Self-Isolation: An Opportunity to Explore and Re-assess Values

re-evaluating personal values

As COVID-19 precautions continue to challenge us with some unexpected and wide-ranging restrictions, I find myself asking, “What is it that I really miss?” Is it the gym and the physical exercise I used to enjoy, or is it the connection with others? Is it the coffee shop I miss or is it the connection to community — and the comfort, intimacy, and warmth that I felt in that space? Does my worry about getting the virus outweigh the fear of my freedom being further restricted?

I believe that it’s only when experiences and things — including our health — are taken from us that we come to realize the true impact and importance of these things on our lives. But, when something is taken away, there is space; space for growth and for new experiences. We can choose to fill this space with resentment and resistance or with curiosity and a roadway leading toward personal development.

I view this time as a great opportunity to look within ourselves and explore our values. Once we reflect upon and confirm our values, we can fill this “space” by starting to mindfully live by them.

What are Values?

Tranquility. Status. Creativity. Peace. Intimacy. Money. A nice, big package of 3-ply toilet paper.

What am I talking about here? Values.

Our values are the things we believe are important in the way we live and work. They help us determine our priorities and act as guides for the decisions we make. When the things we do and the way we behave align with our values, we usually feel happy and content. If our values don’t align, things can feel “off” and we may feel dissatisfaction.

Often, we are so busy with the day-to-day operations of life that we rarely stop to think about what our values are, let alone determine if we are living by them. And if we’re not being true to our own values, whose values are we living? And, how might this be affecting our well-being?

How to Determine Your Values

Exploring our values. It sounds like an interesting and fun activity, but how do we do it? I’ve created some questions that may help you initiate the process. Ready?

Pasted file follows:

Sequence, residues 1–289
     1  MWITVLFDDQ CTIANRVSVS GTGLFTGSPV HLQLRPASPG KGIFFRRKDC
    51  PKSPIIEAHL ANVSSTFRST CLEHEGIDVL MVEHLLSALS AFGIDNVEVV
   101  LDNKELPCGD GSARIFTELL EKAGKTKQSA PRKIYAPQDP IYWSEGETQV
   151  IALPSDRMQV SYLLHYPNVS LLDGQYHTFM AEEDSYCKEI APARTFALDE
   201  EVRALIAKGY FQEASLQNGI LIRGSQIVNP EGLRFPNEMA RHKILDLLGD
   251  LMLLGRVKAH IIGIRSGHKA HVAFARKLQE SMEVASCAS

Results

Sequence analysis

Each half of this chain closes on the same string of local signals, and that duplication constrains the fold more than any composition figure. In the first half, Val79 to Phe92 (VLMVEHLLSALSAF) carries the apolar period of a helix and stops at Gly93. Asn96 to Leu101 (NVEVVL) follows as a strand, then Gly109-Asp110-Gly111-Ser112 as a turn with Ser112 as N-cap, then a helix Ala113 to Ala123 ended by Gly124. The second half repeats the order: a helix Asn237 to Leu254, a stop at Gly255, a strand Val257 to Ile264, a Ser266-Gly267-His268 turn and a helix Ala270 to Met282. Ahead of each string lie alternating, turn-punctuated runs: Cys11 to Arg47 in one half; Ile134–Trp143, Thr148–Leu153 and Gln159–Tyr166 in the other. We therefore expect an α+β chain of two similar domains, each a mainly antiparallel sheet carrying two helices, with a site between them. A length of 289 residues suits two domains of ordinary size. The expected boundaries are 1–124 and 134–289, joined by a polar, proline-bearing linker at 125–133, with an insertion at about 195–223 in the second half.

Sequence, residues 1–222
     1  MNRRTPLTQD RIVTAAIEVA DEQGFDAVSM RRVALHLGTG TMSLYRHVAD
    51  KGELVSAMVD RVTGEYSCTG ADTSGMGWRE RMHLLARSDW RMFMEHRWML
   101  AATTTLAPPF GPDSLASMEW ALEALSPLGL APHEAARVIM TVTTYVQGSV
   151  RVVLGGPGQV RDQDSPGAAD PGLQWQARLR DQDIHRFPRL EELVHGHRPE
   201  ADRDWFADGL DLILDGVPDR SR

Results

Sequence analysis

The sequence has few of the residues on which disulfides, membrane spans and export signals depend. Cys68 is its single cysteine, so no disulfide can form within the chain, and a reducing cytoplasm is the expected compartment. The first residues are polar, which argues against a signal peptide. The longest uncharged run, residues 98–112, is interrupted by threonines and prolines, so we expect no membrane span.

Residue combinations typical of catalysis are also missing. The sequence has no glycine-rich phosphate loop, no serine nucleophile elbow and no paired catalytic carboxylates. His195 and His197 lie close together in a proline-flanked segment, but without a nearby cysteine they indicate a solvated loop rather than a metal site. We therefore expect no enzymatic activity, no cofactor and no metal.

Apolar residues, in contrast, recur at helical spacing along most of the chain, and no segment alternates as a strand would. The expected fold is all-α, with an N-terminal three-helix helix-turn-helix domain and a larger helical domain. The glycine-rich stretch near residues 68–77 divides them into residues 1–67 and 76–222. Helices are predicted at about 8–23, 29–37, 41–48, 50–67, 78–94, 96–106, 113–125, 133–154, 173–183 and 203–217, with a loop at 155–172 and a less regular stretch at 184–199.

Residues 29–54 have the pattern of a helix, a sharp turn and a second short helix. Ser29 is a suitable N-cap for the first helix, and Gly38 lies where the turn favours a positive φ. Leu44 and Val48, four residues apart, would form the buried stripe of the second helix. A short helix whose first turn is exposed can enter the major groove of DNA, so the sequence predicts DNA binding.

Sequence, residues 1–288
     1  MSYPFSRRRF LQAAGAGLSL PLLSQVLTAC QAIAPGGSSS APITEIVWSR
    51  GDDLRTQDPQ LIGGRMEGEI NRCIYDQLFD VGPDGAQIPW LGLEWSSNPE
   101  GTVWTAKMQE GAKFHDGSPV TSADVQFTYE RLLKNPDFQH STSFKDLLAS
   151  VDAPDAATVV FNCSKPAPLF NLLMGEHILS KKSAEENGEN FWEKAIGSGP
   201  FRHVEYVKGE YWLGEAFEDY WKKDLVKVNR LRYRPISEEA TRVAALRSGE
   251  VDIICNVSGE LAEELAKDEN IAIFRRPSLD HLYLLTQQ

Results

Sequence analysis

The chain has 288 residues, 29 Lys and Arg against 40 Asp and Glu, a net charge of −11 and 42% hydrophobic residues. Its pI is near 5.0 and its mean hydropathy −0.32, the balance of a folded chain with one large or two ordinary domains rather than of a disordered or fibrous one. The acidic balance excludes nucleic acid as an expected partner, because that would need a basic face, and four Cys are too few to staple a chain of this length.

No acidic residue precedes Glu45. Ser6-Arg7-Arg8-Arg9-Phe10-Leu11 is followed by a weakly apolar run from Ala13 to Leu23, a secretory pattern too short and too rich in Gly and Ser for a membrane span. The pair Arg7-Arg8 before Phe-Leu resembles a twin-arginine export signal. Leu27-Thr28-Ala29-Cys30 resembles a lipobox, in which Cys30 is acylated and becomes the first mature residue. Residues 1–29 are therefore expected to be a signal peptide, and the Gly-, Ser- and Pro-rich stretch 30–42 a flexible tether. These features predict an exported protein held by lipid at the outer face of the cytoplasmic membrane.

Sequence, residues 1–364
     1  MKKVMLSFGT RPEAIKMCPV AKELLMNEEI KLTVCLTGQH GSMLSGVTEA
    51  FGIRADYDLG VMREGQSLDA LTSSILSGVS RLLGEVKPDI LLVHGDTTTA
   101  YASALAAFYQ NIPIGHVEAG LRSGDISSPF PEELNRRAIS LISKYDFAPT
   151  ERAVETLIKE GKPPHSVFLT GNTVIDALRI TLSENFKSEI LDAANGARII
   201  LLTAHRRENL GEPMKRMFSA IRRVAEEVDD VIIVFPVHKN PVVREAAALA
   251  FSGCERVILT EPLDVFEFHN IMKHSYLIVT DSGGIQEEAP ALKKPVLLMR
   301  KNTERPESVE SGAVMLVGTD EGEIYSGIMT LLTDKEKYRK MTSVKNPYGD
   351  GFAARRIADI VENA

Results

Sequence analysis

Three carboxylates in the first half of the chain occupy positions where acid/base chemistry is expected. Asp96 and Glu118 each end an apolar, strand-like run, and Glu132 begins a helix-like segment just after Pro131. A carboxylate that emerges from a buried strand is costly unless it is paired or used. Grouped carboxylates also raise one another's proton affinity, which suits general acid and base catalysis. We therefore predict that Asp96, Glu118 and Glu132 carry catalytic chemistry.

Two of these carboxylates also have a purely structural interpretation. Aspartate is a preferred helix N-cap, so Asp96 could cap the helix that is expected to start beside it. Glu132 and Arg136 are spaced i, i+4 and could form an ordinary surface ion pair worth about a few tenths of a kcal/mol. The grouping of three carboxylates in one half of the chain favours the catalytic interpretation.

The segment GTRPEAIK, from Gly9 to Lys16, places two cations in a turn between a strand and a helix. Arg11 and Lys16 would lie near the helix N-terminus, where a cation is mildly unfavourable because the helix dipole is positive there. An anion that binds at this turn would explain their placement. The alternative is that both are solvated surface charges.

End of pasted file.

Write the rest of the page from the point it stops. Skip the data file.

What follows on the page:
1. If you were told you were permanently restricted from doing certain things, what would be the 3 things that you would miss the most? What are the underlying values behind these activities, events, or experiences? For example, I would miss visiting my aging parents. Values? Family. Connection.
  2. How would you spend your time in an extended period of self-isolation? What are the underlying values associated with your selected activities? Through this exercise, you may find that you have strong values that you didn’t previously realize were important to you.
  3. What would be the first thing you would look forward to doing once the quarantine or self-isolation period was over? The key term here is “look forward to,” not to be confused with “need to” — like stocking up on more 3-ply toilet paper.

When doing this activity, it helps to have a good list of personal values as it can be rather difficult to come up with them off the top of your head. “Live Bold and Bloom”, a website devoted to self-improvement blog posts, offers a helpful and extensive list here.

Final Thoughts

Virus or no virus, we still have control over important parts of our lives. I hope that we all emerge on the other side of this pandemic having a better understanding of what matters to us, what our most important values are, and that we’re able to align these with who we are, what we do, and where we want to go in the future.

While we all adapt to ever-changing restrictions, live your life in a way that makes you proud and fulfilled, knowing you’ve done the best you can while being faithful to your core values.

Fanie Zis is a Certified Life Coach and Career Development Practitioner based in Vancouver, British Columbia. She works as a Contract Service Provider for Homewood Health’s Employee and Family Assistance Program (EFAP). Fanie practices in the areas of Career Coaching, Career Counselling, Relationship Coaching, Grief and Loss Counselling, Stress Management, and Pre-retirement Planning. She is currently working towards her accreditation as a Professional Certified Coach through the International Coach Federation (ICF).

Photo by Ion Chiosea on 123RF

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